And I think that's because the Mass, the Wedding Feast of the Lamb, is the model of how to make one's life an icon of love. "Charity" gets a bad rep for condescension. I think for the people for whom it is genuinely the Wedding Feast--the people who can live at all hours within the Mass--there's no condescension. I would rather think about how to live that way than think about how to properly shame one another....
PASSION WENT OUT OF FASHION--THAT'S ALL YOU'RE CONCERNED WITH: There's an interesting catfight about gender going on in Helen's comments here. It's intra-Yalien in the most desperate way, but I think her fashion metaphor is both interesting and profound. Obviously it doesn't work in a lot of ways, but she knows that, and it's worth taking the time to walk around inside the metaphor for a while, see how it's shaped and what it changes about your views, rather than dismissing it because of the obvious ways in which it's false. Or to put it more bluntly, I think you'd have to get up early to do a critique of this metaphor which it wouldn't've already anticipated.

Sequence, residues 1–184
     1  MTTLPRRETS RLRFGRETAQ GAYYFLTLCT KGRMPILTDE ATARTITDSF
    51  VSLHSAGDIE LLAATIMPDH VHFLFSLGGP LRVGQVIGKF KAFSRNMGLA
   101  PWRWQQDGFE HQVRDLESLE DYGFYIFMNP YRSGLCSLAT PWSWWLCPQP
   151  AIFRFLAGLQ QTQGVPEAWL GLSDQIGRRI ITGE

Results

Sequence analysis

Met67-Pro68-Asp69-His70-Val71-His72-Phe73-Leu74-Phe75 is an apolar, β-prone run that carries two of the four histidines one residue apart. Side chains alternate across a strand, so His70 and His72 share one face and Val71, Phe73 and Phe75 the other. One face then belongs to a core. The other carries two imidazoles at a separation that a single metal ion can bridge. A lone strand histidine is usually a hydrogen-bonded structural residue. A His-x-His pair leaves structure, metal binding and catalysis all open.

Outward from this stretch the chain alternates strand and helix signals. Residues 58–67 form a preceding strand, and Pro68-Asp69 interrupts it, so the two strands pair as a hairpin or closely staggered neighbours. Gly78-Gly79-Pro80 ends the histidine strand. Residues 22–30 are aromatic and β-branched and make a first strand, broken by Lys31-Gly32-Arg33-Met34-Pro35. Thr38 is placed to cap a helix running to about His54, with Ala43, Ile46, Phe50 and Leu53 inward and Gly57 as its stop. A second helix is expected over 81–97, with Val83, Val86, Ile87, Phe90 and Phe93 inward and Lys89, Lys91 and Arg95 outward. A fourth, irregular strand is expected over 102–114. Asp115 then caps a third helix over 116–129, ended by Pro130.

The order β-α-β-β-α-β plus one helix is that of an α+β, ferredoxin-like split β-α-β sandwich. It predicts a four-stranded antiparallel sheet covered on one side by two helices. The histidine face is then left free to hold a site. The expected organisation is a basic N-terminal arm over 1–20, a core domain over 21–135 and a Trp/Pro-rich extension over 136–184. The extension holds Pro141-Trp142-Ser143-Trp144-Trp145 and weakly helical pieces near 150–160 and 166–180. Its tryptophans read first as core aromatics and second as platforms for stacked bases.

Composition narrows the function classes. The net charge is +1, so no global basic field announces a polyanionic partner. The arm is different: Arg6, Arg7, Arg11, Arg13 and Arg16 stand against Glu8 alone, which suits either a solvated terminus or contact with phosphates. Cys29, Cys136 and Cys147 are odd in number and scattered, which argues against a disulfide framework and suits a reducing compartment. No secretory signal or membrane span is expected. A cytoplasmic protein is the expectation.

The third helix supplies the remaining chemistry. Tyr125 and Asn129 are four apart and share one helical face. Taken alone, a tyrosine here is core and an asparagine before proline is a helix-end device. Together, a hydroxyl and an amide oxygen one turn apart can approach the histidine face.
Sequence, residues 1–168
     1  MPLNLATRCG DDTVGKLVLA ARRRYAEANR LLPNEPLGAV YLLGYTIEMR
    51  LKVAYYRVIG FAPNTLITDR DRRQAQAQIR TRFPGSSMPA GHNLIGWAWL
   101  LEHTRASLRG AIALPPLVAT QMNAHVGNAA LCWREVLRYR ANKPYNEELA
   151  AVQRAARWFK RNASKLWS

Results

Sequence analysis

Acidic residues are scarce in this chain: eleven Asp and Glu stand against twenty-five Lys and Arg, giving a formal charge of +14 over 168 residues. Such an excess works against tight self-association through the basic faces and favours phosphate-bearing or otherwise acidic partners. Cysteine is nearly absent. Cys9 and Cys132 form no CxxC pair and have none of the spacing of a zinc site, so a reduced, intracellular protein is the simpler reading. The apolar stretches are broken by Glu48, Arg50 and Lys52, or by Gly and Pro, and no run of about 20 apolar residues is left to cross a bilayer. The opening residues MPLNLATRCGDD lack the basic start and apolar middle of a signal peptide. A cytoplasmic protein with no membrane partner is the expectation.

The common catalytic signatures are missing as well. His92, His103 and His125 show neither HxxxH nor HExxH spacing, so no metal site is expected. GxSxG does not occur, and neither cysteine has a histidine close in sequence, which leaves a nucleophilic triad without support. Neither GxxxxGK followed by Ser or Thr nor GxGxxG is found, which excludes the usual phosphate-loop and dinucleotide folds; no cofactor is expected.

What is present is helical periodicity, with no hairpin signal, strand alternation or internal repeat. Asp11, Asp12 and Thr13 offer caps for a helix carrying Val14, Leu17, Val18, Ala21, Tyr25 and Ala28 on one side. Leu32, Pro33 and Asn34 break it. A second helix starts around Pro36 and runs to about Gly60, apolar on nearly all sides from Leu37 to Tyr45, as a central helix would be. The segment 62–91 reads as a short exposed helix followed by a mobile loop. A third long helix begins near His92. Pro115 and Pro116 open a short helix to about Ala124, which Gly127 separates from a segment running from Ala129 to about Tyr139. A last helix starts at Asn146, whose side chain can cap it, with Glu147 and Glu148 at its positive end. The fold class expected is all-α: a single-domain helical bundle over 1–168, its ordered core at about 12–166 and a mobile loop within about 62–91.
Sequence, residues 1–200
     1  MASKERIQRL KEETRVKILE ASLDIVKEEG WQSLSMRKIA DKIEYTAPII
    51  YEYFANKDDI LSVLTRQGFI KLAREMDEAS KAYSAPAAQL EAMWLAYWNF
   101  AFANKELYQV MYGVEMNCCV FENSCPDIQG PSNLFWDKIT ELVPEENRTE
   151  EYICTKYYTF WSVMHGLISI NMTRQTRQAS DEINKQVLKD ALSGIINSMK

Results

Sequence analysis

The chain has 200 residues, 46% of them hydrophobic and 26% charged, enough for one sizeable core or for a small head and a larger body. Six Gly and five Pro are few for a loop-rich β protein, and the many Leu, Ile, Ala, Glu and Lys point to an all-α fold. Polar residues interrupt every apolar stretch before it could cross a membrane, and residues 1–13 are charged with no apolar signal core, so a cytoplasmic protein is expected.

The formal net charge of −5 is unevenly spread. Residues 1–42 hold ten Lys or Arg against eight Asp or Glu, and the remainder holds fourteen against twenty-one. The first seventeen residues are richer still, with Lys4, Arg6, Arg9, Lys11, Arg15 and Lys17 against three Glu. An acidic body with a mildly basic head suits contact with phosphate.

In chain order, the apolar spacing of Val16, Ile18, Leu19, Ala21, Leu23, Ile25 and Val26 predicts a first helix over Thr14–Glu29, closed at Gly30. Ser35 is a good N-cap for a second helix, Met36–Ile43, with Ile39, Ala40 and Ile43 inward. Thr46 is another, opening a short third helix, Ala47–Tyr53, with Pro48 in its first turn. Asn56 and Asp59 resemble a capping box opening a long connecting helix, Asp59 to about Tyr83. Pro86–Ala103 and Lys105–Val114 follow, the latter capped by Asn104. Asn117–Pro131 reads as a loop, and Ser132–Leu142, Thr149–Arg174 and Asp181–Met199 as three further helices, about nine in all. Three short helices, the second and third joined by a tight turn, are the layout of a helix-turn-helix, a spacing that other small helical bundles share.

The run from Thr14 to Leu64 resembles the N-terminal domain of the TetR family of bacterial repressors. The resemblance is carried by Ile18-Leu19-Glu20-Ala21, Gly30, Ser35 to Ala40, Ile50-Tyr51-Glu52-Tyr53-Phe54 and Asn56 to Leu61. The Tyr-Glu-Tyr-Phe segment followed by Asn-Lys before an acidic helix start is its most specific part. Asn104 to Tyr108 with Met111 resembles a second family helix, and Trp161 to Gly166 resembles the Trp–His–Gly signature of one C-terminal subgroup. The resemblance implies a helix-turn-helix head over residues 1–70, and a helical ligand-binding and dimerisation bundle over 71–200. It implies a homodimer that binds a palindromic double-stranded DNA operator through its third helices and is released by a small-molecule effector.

Also: If I had two wishes which could not be applied to anything other than debates about gender on the Interwebs, my wishes would be these: 1) You do not get to pretend that men caring for their children is obvious and unshakable, and 2) You do not get to pretend that we have made intercourse manageable. Those aren't even disagreements about what is beautiful or sublime; they just require us to acknowledge dumb basic facts about sex, pregnancy, parenthood, and children in the USA right this minute.

I'm not on her side re: shame, but you knew that.